The Week in Uncollecting, 1/1/22-1/8/22

First week of the year, and I’ve got a few longer hardcovers and books, and a lot of time in the Eighties. Here we go!

DC Through the ’80s: The End of Eras and DC Through the ’80s: The Experiments. These were on my wish list for a while and I got both for Christmas, so once I had the chance, I dove right into them. Now, I’ll admit that because DC republished the first issues of The Dark Knight Returns and Watchmen in “The Experiments”, I skipped over those parts of the hardcover because I’d read them way too many times already. Otherwise, these contain stories from the decade that either marked the closing out of a number of types of books that DC published as well as the end of particular heroes’ stories prior to the post-Crisis era (in the case of “End of Eras”), or the more random stuff that the company published to the direct market (“The Experiments”). The “End of Eras” collection is worth it for the non-hero books alone, as DC talks about its long history of publishing horror and war books, and also features a number of stories featuring its superheroes that came toward the end of their particular first runs. This, of course, includes “Whatever Happened to the Man of Tomorrow?”, although it doesn’t include the two-parter that ends in Batman #400. “The Experiments” is one-off selections from books that are “pre-Vertigo” Vertigo titles as well as the first issues of a number of miniseries. Overall, they were great to read and it was a treat to read Alan Moore’s “Twilight of the Superheroes” proposal again, finally officially collected (after I’d read it on the Internet years ago). The “End of Eras” hardcover is really great; the “Experiments” book is good, but you’d be better off looking those books up on DC Infinite or Comixology. At any rate, I’ll be holding on to both. Keep.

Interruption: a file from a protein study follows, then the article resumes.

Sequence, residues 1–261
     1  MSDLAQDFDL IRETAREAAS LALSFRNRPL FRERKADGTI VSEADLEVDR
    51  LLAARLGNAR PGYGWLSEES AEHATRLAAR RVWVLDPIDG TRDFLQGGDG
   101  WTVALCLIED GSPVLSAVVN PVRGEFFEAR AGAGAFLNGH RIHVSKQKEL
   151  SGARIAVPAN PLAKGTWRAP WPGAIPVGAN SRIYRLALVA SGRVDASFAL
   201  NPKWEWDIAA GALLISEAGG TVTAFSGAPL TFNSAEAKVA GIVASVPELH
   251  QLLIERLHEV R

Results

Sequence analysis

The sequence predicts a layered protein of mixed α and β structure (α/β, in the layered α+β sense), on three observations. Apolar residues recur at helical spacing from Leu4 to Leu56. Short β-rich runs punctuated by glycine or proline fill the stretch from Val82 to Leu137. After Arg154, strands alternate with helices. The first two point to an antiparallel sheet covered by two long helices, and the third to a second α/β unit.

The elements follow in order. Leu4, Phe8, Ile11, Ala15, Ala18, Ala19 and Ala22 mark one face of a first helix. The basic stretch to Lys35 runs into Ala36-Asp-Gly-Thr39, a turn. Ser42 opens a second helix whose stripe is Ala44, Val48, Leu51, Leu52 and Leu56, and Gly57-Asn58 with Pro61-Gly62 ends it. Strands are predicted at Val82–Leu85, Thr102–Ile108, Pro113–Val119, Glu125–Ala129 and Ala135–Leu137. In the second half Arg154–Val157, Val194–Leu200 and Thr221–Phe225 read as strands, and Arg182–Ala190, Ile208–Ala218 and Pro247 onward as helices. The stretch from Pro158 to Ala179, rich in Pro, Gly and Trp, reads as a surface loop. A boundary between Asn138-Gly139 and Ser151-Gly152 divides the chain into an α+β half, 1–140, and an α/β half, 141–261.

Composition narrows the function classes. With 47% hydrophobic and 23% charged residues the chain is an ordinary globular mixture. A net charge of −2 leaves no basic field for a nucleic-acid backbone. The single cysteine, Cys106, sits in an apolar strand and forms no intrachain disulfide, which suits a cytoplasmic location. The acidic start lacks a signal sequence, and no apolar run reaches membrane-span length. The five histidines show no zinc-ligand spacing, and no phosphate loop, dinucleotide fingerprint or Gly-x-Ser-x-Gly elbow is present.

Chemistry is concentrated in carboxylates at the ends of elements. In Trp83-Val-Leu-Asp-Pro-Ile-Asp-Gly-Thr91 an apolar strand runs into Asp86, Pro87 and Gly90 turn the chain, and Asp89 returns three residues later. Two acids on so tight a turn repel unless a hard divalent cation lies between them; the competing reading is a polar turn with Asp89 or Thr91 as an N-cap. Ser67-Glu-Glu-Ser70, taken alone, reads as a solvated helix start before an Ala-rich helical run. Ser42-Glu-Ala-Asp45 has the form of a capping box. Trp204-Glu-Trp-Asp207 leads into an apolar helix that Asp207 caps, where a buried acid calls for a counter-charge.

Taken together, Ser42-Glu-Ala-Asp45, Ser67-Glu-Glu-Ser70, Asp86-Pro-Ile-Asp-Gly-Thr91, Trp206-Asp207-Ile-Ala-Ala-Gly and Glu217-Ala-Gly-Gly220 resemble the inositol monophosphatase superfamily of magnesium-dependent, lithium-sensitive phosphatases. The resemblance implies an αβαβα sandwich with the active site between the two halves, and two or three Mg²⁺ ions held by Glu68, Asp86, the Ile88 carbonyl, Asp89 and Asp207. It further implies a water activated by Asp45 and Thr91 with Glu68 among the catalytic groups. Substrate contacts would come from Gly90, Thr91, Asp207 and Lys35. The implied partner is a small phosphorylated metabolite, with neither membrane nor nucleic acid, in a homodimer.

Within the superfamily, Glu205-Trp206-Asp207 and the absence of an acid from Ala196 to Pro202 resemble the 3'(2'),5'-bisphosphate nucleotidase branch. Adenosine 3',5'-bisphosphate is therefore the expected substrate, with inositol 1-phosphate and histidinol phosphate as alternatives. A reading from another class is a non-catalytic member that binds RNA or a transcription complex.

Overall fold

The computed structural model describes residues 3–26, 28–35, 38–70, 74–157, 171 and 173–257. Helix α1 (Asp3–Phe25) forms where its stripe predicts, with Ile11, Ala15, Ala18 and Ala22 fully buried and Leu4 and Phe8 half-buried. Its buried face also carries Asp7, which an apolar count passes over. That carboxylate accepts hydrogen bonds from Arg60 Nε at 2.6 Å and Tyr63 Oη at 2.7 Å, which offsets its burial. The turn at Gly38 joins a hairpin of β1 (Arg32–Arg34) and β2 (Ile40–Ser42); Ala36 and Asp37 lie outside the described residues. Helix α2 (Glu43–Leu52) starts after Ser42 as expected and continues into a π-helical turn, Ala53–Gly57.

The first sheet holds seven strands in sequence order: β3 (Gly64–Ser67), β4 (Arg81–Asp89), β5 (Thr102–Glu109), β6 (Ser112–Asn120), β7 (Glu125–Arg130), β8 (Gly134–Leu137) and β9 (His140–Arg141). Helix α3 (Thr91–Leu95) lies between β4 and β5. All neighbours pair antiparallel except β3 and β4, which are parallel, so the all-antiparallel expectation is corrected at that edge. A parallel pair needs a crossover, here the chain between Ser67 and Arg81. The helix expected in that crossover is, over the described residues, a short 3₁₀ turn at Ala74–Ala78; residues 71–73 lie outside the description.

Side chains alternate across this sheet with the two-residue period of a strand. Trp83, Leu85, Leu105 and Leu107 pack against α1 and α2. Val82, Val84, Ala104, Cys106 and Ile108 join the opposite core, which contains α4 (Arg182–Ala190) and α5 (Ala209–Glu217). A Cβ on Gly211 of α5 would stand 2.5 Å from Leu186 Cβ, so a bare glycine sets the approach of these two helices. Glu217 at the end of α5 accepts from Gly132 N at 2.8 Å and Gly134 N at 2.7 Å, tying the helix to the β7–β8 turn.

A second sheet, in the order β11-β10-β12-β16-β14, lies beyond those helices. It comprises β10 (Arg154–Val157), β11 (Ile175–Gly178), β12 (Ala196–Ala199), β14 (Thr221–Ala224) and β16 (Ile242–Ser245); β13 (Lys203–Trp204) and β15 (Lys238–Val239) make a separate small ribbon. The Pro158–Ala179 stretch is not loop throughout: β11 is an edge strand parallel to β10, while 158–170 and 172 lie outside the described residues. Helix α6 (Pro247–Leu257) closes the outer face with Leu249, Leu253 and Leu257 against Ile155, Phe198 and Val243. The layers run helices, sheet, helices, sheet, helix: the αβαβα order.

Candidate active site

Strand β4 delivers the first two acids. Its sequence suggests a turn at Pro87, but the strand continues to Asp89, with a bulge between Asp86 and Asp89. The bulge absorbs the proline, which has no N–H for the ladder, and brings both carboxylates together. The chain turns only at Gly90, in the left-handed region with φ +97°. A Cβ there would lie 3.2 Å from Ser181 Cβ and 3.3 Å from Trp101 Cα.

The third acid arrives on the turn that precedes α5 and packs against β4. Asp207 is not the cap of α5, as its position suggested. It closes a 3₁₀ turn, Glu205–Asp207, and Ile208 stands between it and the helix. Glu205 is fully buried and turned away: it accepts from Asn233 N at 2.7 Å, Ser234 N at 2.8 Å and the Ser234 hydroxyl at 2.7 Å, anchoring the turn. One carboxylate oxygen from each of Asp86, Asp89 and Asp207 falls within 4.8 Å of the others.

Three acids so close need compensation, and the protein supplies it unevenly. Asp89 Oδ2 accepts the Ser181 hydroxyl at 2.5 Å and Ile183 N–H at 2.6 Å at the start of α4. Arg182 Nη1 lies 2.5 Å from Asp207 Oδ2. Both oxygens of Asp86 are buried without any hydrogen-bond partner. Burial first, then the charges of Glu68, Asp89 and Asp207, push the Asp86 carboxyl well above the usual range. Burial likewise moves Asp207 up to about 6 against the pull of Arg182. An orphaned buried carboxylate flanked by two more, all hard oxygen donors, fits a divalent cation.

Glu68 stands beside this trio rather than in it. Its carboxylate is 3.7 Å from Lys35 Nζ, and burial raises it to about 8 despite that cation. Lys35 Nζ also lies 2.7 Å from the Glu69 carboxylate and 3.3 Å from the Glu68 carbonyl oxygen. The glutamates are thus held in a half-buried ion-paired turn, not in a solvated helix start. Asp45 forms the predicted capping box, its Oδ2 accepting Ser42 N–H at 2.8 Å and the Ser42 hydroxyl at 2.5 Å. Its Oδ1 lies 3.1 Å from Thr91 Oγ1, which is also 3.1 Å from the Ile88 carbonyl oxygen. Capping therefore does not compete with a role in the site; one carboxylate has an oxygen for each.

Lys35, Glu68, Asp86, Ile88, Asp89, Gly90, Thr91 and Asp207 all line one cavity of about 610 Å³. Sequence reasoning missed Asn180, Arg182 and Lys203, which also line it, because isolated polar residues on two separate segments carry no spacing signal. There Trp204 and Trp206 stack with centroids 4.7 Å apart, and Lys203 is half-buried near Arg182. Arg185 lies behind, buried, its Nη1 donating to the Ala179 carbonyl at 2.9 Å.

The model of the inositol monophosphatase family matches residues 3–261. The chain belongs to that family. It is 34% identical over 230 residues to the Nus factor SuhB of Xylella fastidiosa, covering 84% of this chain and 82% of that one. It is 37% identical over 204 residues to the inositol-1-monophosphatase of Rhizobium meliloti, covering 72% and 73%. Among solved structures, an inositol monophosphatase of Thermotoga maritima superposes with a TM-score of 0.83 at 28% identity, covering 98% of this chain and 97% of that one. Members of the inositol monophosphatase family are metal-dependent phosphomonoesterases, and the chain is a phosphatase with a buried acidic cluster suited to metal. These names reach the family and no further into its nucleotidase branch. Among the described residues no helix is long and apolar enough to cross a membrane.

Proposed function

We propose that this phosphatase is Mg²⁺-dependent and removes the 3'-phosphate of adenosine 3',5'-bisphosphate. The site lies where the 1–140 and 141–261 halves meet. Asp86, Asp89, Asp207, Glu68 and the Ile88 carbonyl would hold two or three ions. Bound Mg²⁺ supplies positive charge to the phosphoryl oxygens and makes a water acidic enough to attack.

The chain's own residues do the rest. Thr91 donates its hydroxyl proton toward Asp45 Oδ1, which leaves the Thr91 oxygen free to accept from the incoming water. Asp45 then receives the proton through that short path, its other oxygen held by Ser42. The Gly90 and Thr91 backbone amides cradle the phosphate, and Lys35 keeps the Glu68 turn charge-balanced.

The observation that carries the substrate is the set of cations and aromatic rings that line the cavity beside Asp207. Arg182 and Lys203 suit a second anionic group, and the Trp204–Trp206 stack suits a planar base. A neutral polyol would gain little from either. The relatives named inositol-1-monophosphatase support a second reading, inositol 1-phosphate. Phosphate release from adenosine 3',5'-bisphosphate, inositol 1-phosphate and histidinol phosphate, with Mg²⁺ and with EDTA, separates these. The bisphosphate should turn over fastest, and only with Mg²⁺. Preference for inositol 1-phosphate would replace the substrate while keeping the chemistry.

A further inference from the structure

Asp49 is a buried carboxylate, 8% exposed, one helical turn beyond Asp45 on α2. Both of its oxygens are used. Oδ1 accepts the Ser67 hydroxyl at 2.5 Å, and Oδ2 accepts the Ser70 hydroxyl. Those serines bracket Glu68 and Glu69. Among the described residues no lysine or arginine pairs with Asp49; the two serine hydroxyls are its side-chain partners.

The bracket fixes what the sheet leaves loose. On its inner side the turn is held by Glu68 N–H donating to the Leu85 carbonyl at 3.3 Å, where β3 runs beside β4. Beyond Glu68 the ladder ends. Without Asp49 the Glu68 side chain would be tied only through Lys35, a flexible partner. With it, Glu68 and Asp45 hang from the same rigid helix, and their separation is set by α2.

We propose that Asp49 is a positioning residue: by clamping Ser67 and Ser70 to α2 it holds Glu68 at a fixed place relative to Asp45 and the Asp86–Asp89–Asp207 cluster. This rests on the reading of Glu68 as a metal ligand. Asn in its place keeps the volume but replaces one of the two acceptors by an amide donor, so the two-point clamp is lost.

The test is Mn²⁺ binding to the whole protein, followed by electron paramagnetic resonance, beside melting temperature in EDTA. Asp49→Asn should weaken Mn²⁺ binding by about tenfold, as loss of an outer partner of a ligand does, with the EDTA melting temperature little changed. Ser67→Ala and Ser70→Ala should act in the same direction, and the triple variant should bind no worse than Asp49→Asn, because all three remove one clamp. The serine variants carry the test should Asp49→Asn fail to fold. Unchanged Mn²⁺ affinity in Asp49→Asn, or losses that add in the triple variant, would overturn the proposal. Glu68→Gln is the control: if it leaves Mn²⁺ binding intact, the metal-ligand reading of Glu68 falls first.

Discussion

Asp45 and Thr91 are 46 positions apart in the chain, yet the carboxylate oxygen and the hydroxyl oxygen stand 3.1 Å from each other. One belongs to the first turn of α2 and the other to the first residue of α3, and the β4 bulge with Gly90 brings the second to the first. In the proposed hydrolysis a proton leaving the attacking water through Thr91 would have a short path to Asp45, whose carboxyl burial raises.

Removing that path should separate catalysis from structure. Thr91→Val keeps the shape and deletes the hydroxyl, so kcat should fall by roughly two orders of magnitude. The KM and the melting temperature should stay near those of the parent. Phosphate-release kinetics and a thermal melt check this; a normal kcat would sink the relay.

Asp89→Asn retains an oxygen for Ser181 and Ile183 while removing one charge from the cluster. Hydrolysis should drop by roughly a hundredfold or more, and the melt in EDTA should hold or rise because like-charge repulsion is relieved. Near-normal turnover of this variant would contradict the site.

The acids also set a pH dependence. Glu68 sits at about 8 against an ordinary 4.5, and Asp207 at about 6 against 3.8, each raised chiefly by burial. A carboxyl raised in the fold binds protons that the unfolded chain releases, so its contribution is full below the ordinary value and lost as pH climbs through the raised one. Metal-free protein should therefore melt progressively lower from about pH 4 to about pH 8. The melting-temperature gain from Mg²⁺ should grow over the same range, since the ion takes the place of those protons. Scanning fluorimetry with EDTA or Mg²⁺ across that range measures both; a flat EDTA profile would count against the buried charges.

The Hour I First Believed by Wally Lamb. This had been warming my bookshelf for years since I bought it in hardcover a long time ago. I think I actually got it for my wife because she had liked Lamb’s novel I Know This Much is True. I had read that novel as well and did enjoy it. This one? Well, it’s very well written and I was intrigued about certain characters, but it’s not the type of book I’d recommend. The story is that Caellum Quick, a high school English teacher in Littleton, Colorado, is called back to his family farm in April 1999 because his aunt has passed away. This leaves his wife, Maureen, alone at the place where they both work–Columbine High School. You can see where this is going. While Lamb does a very good job of exploring the tragedy and how those affected feel afterward, using the details of the school shooting (including the victims’ actual names) was unsettling and to have it tie into a drama about his family’s history is … well, it was well written enough to keep me going through all 700+ pages, but once I was done, all I could think about was how this could have been 100-200 pages shorter. Donate.